While the technology might not be brand new (see GE’s ‘Plug Into the Smart Grid’ campaign from earlier this year) the December issue of Esquire magazine is bringing Augmented Reality to a much wider audience. All you have to do is look for Robert Downey Jr. sitting on top of a bar-code/crossword puzzle image and the rest you do from home, or take it into an Apple store and really impress/weird out people (like that one time I used the ‘remote’ App for my iPhone and started playing videos and songs as people walked by a computer. Sometimes you have to make your own fun while you wait for people).  

According to HuffPo  when you hold up the magazine to a webcam “an on-screen image of the magazine pops to life, letters flying off the cover. Shift and tilt the magazine, and the animation on the screen moves accordingly,” followed by a 3-D version of Robert Downey Jr. joking around about the technology and his involvement.
  If you want to learn more about the magazine industry and how this is a great step Esquire’s parent company, Hearst Corp., is taking then I suggest reading the HuffPo article. Since Andrew Vanacore has already written that article I’m not going to re-hash it.

I’m going to think about practical applications for the technology. Magazine covers are neat and will help sell some copies for sure, but that’s small time. Think bigger, think about how the 3-D image can add to a user experience, a gaming experience. Add a few interactive sensors to a remote, or a person. The Wii just took gaming to the next level, again. Imagine placing yourself into immersive 3-D world’s from the comfort of your living room. The possibilities seem endless for what this technology could do for gaming.

I know I’ll be looking forward to experimenting with it more once the Esquire hits newstands in early November. From last year’s E-ink cover, to the augmented reality edition, Esquire seems to be the only magazine around who is making an effort to make print media current and exciting again. While I can’t predict the future of periodicals I can say as long as innovation exists there will always be some cash in my wallet ready to jump on it.

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I don’t know where this actually originiated, so I’ll link to the place I found it, which in turn seems to link to the image somewhere else.  Nonetheless, I’m re-posting it here, you know, in the spirit of sharing on the internets.

I’ll claim that this is related to the blog in that it’s new, it’s media, and it’s user-generated content created by taking an existing piece of media and transforming it into something new.  And I think it’s hilarious.

You wouldn’t buy our shitty cars.  So we’ll be taking your money anyway.  The Bailout.  Coming this January.  So, so true.

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“The ultimate all-in-one device”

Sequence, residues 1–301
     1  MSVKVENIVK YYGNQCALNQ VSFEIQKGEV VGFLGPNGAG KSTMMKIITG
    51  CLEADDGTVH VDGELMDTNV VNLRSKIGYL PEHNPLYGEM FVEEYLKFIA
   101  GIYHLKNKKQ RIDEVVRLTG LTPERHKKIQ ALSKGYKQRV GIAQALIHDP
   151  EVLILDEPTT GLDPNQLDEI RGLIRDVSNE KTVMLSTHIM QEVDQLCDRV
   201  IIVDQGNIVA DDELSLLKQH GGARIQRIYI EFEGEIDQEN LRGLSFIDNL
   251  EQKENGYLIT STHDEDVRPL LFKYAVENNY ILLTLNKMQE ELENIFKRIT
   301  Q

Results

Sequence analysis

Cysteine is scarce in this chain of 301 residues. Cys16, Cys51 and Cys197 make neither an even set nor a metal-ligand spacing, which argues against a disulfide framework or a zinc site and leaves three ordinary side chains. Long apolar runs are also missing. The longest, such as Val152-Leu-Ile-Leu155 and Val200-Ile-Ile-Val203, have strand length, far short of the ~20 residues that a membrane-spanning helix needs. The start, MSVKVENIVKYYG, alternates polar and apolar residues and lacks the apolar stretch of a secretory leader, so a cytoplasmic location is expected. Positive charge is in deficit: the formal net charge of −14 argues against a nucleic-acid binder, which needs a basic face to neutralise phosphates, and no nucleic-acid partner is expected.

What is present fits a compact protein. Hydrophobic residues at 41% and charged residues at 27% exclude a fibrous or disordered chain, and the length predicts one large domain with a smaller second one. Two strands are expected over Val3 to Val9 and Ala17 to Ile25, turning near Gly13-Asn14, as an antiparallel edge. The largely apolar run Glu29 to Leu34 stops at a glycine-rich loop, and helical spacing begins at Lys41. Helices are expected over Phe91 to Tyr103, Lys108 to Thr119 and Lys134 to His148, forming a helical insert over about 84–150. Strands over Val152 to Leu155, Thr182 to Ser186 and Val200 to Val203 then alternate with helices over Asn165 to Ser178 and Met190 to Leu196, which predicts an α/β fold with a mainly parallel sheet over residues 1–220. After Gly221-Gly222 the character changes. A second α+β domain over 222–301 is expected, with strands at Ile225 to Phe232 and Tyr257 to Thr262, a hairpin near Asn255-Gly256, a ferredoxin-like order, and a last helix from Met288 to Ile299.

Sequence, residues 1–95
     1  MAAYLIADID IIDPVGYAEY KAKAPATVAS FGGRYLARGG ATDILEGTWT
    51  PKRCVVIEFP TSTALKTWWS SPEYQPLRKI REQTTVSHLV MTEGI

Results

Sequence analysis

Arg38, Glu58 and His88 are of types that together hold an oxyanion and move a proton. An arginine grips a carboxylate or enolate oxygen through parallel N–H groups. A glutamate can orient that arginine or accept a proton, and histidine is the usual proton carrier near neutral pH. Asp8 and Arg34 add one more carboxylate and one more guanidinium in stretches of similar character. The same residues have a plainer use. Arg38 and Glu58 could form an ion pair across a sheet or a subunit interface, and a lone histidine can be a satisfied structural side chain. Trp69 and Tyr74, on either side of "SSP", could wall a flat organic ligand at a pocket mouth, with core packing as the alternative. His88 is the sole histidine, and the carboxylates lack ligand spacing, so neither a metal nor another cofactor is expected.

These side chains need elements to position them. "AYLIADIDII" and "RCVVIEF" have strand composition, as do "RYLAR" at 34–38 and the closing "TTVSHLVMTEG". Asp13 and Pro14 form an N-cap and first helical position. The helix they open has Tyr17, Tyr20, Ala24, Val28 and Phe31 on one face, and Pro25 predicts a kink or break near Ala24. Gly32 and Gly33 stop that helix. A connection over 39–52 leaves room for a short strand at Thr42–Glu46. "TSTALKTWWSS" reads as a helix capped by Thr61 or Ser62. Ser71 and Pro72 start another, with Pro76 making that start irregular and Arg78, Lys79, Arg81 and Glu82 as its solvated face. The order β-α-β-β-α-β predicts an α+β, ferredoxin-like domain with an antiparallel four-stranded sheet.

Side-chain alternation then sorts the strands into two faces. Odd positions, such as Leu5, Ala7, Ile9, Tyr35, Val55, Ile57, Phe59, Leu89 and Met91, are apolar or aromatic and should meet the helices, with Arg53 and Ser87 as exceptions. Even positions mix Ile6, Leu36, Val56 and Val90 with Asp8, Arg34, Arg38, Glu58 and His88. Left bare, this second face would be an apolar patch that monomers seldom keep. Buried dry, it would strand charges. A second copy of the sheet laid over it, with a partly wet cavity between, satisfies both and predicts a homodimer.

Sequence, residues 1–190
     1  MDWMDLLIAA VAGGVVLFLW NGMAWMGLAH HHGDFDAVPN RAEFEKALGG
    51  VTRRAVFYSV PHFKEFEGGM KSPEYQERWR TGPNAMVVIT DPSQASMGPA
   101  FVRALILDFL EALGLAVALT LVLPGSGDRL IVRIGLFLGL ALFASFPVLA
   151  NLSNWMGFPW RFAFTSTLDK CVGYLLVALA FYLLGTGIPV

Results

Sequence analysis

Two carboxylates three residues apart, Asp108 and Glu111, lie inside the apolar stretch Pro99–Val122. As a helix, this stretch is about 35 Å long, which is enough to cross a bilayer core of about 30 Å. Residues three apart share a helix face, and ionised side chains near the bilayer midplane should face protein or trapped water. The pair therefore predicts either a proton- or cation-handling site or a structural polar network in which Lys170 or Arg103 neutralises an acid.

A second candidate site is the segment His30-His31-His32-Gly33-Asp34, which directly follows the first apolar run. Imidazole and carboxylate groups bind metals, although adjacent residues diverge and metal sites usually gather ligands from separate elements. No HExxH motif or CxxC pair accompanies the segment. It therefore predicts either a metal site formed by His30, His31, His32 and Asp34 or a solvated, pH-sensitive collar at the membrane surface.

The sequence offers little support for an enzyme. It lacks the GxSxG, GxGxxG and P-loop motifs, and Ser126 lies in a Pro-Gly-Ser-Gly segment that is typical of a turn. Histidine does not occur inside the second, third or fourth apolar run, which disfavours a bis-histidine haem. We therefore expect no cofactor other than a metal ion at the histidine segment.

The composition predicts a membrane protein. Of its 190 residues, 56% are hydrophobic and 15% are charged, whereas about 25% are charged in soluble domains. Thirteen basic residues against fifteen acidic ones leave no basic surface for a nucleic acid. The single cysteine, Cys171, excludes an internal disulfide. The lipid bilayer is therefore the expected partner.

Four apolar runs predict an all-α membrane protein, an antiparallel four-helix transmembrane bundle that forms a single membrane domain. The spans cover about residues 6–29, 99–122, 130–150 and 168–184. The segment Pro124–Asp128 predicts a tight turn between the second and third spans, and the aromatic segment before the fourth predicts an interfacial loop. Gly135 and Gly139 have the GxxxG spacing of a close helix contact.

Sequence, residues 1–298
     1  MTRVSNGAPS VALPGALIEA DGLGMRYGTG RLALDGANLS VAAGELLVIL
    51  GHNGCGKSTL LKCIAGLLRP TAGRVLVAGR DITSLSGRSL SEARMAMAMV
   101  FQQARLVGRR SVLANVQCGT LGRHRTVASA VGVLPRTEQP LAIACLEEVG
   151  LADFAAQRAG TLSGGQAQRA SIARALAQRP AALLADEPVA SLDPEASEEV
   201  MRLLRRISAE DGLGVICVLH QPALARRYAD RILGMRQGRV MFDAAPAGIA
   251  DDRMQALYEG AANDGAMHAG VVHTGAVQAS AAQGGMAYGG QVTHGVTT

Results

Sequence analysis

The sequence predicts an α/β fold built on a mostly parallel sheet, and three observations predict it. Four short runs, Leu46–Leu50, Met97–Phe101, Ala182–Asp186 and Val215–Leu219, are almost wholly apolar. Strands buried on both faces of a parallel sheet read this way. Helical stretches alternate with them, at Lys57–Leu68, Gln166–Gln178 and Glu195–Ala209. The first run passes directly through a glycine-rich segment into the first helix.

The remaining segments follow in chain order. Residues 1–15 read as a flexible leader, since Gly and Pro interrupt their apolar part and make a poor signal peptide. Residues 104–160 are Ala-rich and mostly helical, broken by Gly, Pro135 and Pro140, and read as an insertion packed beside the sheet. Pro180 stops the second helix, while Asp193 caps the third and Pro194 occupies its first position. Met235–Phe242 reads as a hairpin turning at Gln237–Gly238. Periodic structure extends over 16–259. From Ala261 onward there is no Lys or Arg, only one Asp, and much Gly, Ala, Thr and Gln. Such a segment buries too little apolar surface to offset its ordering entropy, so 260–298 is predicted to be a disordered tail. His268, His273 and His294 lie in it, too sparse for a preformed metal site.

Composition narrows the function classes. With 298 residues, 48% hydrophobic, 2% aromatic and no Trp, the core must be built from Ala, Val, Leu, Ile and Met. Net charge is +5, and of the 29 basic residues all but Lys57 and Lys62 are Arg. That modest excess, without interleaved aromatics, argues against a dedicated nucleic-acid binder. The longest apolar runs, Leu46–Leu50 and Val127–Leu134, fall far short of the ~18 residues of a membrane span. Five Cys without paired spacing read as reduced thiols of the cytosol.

“Where no phone has gone before”

Introducing the Pomegranate NS08 Phone. Utterly brilliant is how I can best describe it. It’s a phone that does absolutely everything that you want it to, and it puts the iPhone to shame.  This upside-down tear-shaped device packs a ton of features into a sleek and thin design:


Pomegranate NS08 Phone

Pomegranate NS08 Phone

Very nice!  But you can do more than just talk on this baby.  It’s also an email device, web browser, camera, music player, world clock, and GPS navigator.  But even more, it’ll project your PowerPoint “decks” on the wall, brew coffee, and for kicks you can use the built-in harmonica for entertainment at your next presentation.


Ok…If you’ve played around on the site by now you’re come to the shocking conclusion that this phone does not exist.  In fact, the whole site is desinged to get you interested, and click to find out the release date…and then BAM redirect you to the site for….Nova Scotia.  

That’s right…

Someday you’ll get everything you want in one device.

Today you can get everything you want in one place.


You just might be surprised with all that Nova Scotia has to offer.  If this brilliant web marketing campaign is any indication of just how sweet Nova Scotia really is…I just might have to make a visit there myself.

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Given that I made the post about mailing STD e-cards to those you’ve had fun with, Google is now displaying localized STD testing ad links in my right-column ad space.  I wonder if that will generate a higher click-through ratio.  I also wonder what their eCPM is and my earnings for clicks on those links.  Are the STD clinics rollin out the big bucks for online ad spend?  We’ll find out!

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This one has me thinking maybe I’ve donated too much to the Obama campaign. ’Senator Barack Obama has become the first presidential candidate in 16 years to buy a half-hour of prime time network television for a campaign infomercial.’ Come Wednesday, Oct. 29, a week before the election, Obama has completed deals with CBS and NBC to show a half-hour program about his candidacy. Fox is on the fence because if there is a game six of the World Series he’d be out of luck, and ABC has yet to finalize a deal but is expected to shortly.